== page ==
Change up Speed


Hey guys, Just wanted your thoughts on the change up. Today, my 10 year old son just had his first practice with his summer team and was working on pitching with one of his coaches. After throwing for a little bit, he was asked to throw a change up. After throwing a few, the coach seemed to think there wasn’t much of a velocity difference compared to his fastball. And you know, he may be right. His circle-change is probably 2-4 mph slower at most, but I always thought it was fine because it breaks inside(he’s still inconsistent, but 7 out of 10 they usually break inside).

So guys, what do you reccomend? Should he just keep throwing his circle change the way he has? Is it just the hands and mound distance that doesn’t give the pitch the drop in speed? Should I listen to his coach and tell him to throw it slower? I always heard that a change up should be thrown like a fastball, and that the grip will give more spin and slow it down. Maybe he should choke the ball more like a palmball?

I don’t know, I guess this coaches reaction today really made me question the change up in youth baseball. He could always just slow his arm speed, but I never really thought of that as a change up. It might work now, but the older he gets I feel like that will be more ineffective. I honestly thought the velocity difference will show more with an increase in mound difference, but maybe I’m wrong. Maybe he just isnt throwing it right.

Okay I think I’m done rambling now… haha I would love to hear your opinion



My wise and wonderful pitching coach once told me that just about any pitch can be turned into a nice changeup, and he demonstrated some for me and showed me how to throw them. I think that what your kid should do, if he wants to really slow it down, is try something like a palmball—that was my first changeup, and a very good one it was. One thing he should never do is slow down the arm speed; all this does is telegraph the pitch—you have to throw everything, even changeups, with the same arm motion and arm speed as for the fastball!


For young pitchers, it’s important to look at change up speed in percentages, not MPH, in my opinion.

For MLB pitchers, you’d like to see the change up be 12-15 mph slower than the four-seam fastball. So a guy throwing a 93 mph fastball should have a 78 mph change up. That’s a 16% difference in speed.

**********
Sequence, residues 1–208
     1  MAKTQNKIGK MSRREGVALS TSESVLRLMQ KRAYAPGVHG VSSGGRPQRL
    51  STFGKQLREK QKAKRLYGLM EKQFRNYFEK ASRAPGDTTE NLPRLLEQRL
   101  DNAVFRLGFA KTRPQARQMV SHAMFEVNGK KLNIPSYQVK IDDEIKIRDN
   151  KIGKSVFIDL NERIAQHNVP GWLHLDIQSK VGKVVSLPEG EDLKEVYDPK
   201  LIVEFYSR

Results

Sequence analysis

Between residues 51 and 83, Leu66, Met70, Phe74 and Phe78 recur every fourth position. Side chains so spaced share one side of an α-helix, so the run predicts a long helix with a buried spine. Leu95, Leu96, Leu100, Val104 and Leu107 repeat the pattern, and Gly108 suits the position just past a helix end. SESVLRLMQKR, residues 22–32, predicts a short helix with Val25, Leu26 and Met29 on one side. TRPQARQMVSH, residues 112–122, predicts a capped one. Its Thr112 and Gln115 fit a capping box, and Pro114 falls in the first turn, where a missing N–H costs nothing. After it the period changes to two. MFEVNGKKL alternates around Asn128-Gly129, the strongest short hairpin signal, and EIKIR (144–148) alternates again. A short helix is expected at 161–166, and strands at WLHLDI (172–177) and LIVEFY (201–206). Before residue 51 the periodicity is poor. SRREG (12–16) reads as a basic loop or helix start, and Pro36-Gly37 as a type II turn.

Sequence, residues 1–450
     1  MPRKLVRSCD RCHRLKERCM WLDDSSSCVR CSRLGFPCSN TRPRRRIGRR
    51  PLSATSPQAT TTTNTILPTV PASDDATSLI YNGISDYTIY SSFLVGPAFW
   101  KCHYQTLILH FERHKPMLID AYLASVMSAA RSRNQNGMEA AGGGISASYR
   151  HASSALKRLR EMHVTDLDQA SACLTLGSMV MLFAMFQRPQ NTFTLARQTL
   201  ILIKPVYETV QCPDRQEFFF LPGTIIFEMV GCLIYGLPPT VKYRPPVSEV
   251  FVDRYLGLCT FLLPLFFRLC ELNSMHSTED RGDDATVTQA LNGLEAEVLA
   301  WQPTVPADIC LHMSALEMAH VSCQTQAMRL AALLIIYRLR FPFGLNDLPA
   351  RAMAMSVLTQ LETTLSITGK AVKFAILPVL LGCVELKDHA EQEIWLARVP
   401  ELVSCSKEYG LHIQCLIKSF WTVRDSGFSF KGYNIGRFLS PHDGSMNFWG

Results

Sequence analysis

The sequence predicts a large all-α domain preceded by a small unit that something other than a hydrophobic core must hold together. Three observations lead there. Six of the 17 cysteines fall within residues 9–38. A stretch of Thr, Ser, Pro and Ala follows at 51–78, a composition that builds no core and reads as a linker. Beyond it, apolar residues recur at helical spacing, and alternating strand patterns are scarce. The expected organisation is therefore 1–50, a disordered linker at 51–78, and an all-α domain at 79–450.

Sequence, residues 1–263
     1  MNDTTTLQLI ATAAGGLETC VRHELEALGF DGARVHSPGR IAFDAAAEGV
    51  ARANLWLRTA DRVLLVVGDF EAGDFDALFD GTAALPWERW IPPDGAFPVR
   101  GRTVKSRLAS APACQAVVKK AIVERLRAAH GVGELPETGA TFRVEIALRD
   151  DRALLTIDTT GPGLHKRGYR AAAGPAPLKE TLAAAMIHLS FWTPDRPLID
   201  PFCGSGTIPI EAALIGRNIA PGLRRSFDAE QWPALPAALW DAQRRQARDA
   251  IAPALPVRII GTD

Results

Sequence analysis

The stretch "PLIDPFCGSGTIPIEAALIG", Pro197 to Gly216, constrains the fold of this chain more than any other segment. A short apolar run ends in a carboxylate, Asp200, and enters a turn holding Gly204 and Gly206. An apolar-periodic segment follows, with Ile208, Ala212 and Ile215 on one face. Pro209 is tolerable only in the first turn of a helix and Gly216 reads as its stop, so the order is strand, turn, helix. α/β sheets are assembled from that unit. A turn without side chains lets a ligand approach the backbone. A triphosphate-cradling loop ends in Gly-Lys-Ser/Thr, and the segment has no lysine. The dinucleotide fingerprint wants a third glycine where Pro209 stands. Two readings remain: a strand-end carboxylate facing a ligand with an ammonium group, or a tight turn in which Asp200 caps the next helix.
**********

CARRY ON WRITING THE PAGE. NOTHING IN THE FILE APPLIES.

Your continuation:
For youth pitchers, it’s not reasonable to throw change ups 12-15 mph slower because youth pitchers don’t throw as hard as MLB pitchers. A change up 12-15 mph less than a 65 mph fastball is a 23% difference (!) in speed. That’s way too much.

So instead of applying a mph difference between fastballs and change ups, I recommend you apply a % difference of 15%-16%. By doing the math, that youth pitcher throwing a 65 mph fastball should be throwing his change up about 55-58 mph. I might dial back the percentage difference between fastballs and change ups even more to 10% for youth pitchers.

I’d be curious what others think, too.


Steve, How would you reccomend taking speed off the ball without slowing down his arm speed?


It comes down to grip and mechanics/arm action.

Check out this thread on Let’s Talk Pitching, and this web page on my youth pitching site, for tips on teaching and throwing a good change up:


Is it possible that he’s getting no real difference in speed because of his hand size? Perhaps he’s choking the fastball as much as his changeup because his fingers aren’t long enough and strong enough to grip the fastball properly. I really like what Steven says about the percentage vice the speed delta for youth. Makes a lot of sense.


Hand size is often the issue in young kids. Like OC said, they often throw their fastball with a grip the is really a change-up grip (usually a 3-finger grip or a palm ball grip).

However, there are two ways to take something off the pitch: using a grip the uses weaker fingers to throw the ball and pronating the hand/wrist/forearm. Pronation is what imparts spin on the ball and creates movement.

I’m surprised to hear you son is throwing a circle change. He is no doubt offsetting his hand to one side of the ball to pull that off. I teach cutting the ball in half with thumb and middle finger and then tucking the index finger down the side of the ball only as much as flexibility allows. No tight circle needed. Then pronate to tolerance. This seems to help control and movement.


The change-up is a good pitch when all the right reasons are there, when and how to use it - regardless if we’re talking amateur or pro ball.

Here’s my take on youth baseball and the change-up:

  • I consider youth baseball to be 13 year old and younger. (that’s my take anyway.)
  • youth baseball is an experience where everyone is under some kind of learning phase, like batting, pitching, base running, and so forth.
  • It’s been my impression that this age group and classification of amateur ball has a large population of “slow” bats, from the top of the order to the bottom of the order. Now there are exceptions to be sure.

So, the pitch is a good pitch - BUT, at the youth baseball level, I don’t think the reinforcement is there to warrant adding this kind of pitch to your son’s inventory. I say this because the release and trajectory necessary to reach the plate is usually a dead giveaway, and the strike zone can be a tough target to chase, combine all that with slower bat speeds and the pitch can end up in the parking lot…

On the other hand, if your son’s coach is determined to do things his way - then that’s an issue of a different color.